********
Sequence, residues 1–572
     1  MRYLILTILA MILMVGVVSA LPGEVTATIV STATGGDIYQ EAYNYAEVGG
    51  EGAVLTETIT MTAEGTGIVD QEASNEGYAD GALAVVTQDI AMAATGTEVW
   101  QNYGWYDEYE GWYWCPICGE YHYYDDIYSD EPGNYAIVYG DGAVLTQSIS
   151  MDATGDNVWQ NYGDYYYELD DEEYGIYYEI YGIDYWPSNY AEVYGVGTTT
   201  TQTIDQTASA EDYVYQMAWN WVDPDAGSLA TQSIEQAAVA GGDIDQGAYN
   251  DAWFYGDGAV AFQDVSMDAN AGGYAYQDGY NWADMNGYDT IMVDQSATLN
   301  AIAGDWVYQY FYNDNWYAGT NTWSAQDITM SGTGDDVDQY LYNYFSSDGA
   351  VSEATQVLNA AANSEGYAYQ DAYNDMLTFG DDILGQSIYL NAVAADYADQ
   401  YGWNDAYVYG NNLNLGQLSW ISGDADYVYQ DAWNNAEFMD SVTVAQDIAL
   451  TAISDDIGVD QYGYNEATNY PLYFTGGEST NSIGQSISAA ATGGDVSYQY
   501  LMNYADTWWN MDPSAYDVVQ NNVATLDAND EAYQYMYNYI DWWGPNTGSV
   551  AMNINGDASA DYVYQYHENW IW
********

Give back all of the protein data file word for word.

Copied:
Sequence, residues 1–572
     1  MRYLILTILA MILMVGVVSA LPGEVTATIV STATGGDIYQ EAYNYAEVGG
    51  EGAVLTETIT MTAEGTGIVD QEASNEGYAD GALAVVTQDI AMAATGTEVW
   101  QNYGWYDEYE GWYWCPICGE YHYYDDIYSD EPGNYAIVYG DGAVLTQSIS
   151  MDATGDNVWQ NYGDYYYELD DEEYGIYYEI YGIDYWPSNY AEVYGVGTTT
   201  TQTIDQTASA EDYVYQMAWN WVDPDAGSLA TQSIEQAAVA GGDIDQGAYN
   251  DAWFYGDGAV AFQDVSMDAN AGGYAYQDGY NWADMNGYDT IMVDQSATLN
   301  AIAGDWVYQY FYNDNWYAGT NTWSAQDITM SGTGDDVDQY LYNYFSSDGA
   351  VSEATQVLNA AANSEGYAYQ DAYNDMLTFG DDILGQSIYL NAVAADYADQ
   401  YGWNDAYVYG NNLNLGQLSW ISGDADYVYQ DAWNNAEFMD SVTVAQDIAL
   451  TAISDDIGVD QYGYNEATNY PLYFTGGEST NSIGQSISAA ATGGDVSYQY
   501  LMNYADTWWN MDPSAYDVVQ NNVATLDAND EAYQYMYNYI DWWGPNTGSV
   551  AMNINGDASA DYVYQYHENW IW